Wonder if they talk?
If you have your Galveston Bay Oyster scorecards ready, let’s recap.
The State had given oyster producers just two days in early October to transfer oysters to safer waters to protect public safety. Judge McDonald then issued a restraining order to stop the entire process, without even asking the State in advance. A Chambers County company called STORM (Sustainable Texas Oyster Resource Management), run by a local Justice of the Peace and his politically powerful kinfolk, got the order. STORM claims it owns every oyster in 23,000 acres of Galveston Bay after getting a no-bid backroom deal from the unelected bureaucrats on the Chambers-Liberty County Navigation District Board. The State of Texas has sued both.
After Judge McDonald’s ruling, Dolcefino Consulting expressed concern that “home cooking” in the Chambers County Courthouse was casting a shadow on this legal fight. Diplomacy is our strong suit and we made another friend. Judge McDonald took exception with a long speech on the independence of the Chambers County Judiciary, but transferred the case back to Travis County anyway, along with the news release from Dolcefino Consulting, “The smelly deal” one.
His decision meant the state could go ahead and allow oyster companies to protect the crop. The big transplant was on again, and was going to happen tomorrow, but today STORM found the other Judge in Chambers County to put the restraining order back on, claiming Texas Parks and Wildlife issued permits to transplant this morning, before the original restraining order was set to expire at the end of today. I know, silly, but good enough in Chambers County.
So, no oysters can be moved until after the next hearing on October 19, 2015. That means they likely won’t be safe to eat by November 1st, when the public oyster season begins.
Luckily there are only two Judges in Chambers County!
The future of Galveston Bay may be at stake in a legal showdown this Thursday, October 8th in Judge Randy McDonald’s 344th Disrict Courtroom in Anahuac.
Lawyers for the State of Texas will try to erase a restraining order the Judge imposed last week, stopping the Texas Parks and Wildlife Department from letting anyone take oysters out of a 23,000 acre section of Galveston Bay, even companies who have paid for state leases.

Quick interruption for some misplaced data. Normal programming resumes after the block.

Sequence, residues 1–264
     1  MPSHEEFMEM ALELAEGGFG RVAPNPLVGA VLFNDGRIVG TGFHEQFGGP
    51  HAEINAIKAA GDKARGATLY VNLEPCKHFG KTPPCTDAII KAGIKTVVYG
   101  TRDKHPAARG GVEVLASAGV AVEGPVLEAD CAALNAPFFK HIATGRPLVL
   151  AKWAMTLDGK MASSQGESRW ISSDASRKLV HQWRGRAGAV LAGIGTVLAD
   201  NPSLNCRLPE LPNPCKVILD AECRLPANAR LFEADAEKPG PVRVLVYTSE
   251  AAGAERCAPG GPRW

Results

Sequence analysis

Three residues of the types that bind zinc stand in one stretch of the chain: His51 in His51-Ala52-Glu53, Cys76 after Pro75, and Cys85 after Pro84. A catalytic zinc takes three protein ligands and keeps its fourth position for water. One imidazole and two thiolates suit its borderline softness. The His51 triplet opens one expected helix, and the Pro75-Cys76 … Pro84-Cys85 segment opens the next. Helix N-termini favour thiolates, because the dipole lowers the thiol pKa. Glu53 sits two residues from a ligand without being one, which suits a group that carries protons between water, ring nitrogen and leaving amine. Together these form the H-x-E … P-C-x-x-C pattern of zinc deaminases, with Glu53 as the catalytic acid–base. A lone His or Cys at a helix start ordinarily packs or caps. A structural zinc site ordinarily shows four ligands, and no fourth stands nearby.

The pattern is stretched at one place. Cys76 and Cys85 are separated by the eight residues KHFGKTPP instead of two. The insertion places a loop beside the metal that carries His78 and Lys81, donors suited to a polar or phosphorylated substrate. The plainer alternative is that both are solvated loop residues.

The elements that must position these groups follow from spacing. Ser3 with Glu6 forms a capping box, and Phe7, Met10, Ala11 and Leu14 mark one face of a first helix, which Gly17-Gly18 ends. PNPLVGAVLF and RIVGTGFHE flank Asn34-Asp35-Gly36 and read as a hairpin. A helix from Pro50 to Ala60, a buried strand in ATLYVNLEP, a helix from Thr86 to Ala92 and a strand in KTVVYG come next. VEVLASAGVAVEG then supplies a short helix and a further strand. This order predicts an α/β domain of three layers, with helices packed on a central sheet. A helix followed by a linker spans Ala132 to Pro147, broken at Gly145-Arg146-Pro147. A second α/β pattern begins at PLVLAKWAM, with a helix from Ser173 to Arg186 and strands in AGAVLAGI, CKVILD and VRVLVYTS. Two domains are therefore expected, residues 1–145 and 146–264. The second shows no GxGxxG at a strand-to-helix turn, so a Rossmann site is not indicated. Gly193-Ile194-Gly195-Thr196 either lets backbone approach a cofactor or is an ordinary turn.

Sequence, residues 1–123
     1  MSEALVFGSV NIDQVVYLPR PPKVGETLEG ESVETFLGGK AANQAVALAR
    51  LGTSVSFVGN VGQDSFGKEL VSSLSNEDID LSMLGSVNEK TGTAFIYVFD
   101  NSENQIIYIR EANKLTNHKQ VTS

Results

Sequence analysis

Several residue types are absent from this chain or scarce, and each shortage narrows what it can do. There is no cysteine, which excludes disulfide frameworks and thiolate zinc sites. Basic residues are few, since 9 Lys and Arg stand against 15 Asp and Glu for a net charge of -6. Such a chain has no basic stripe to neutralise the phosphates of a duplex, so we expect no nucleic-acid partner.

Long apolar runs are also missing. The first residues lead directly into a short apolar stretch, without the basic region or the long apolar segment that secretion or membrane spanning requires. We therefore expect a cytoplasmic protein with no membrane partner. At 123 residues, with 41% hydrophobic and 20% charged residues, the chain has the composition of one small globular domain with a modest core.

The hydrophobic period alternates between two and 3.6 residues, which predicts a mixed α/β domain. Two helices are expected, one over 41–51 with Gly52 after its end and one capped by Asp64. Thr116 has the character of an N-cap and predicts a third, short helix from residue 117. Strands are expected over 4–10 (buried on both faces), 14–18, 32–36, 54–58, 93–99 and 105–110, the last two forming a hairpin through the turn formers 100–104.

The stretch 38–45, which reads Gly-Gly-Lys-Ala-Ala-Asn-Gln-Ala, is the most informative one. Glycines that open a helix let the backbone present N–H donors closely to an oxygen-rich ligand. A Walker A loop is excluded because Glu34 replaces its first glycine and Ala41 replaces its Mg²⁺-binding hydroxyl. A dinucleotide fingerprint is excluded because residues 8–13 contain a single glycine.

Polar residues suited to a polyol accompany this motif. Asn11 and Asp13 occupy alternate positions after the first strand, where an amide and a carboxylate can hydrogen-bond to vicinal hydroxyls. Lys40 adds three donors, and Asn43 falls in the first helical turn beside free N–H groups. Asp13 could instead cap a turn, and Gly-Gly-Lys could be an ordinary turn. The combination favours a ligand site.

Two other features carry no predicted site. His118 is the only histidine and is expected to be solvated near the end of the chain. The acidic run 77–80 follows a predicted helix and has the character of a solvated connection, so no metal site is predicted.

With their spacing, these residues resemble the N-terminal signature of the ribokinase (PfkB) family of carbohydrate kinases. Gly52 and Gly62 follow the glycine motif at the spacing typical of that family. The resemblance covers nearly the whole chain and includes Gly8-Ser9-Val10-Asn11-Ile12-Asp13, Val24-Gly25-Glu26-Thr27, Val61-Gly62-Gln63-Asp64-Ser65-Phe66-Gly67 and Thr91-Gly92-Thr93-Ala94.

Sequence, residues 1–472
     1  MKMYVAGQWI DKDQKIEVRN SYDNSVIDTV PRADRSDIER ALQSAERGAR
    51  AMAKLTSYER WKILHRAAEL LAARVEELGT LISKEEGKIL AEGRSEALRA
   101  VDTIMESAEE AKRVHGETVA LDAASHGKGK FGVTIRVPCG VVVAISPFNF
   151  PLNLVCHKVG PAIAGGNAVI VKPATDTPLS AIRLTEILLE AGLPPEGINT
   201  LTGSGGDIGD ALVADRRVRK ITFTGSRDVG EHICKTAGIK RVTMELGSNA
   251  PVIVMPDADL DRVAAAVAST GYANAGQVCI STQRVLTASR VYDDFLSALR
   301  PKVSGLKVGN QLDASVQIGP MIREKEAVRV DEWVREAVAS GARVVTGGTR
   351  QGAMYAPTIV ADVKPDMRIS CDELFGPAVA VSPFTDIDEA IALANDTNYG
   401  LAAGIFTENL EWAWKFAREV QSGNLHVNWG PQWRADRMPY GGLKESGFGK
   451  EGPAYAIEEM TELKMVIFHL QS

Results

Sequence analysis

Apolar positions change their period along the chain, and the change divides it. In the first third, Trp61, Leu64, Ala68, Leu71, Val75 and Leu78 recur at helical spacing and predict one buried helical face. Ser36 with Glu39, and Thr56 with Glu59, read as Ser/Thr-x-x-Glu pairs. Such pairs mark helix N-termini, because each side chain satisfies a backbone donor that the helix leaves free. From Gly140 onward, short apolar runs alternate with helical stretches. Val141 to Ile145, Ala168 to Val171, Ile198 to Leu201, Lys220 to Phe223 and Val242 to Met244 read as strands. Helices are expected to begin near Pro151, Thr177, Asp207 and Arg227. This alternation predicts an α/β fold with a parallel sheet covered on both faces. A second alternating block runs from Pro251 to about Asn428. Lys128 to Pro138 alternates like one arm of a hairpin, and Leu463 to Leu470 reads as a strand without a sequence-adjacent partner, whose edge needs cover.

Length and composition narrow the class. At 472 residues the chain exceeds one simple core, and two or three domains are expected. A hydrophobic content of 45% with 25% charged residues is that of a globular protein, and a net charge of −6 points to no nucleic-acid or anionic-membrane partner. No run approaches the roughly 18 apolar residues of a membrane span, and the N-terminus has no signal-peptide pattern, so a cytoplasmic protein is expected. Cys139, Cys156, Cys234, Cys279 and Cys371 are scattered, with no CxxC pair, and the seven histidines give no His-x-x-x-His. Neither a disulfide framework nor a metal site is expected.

“Because of Judge McDonald’s actions, the safety of the Galveston Bay Oyster Crop is in jeopardy,” says Wayne Dolcefino of Dolcefino Consulting, an investigative firm hired to fight this takeover. “This week, oyster companies were supposed to be transplanting oysters to safer waters so they would be safe to eat. This reckless action and this legal home cooking cannot stand.”
This oyster war is part of a legal battle now being waged across three counties.
Judge McDonald issued the restraining order on behalf of a local Chambers County Company called STORM (Sustainable Texas Oyster Resource Management). STORM claims it has been given the exclusive right to control the entire oyster population in the 23,000 square foot area by the Chambers-Liberty County Navigation District, an unelected board appointed by local officials. The owner of STORM is a local Judge and his politically powerful relative.
The State of Texas has declared that lease illegal, and has warned STORM it will pay for any damages to the oyster crop.
Oyster companies that have invested hundreds of thousands of dollars and are now being denied the right to move their oysters, went to a court in Galveston County for their own restraining order to keep STORM from touching their oysters.
Galveston Bay has been historically one of the biggest oyster producing regions in the country, and this high stakes legal battle could eventually determine if the People of Texas own Galveston Bay, or whether a private company can control public waters.
The hearing is at 1:30 p.m. in Anahuac.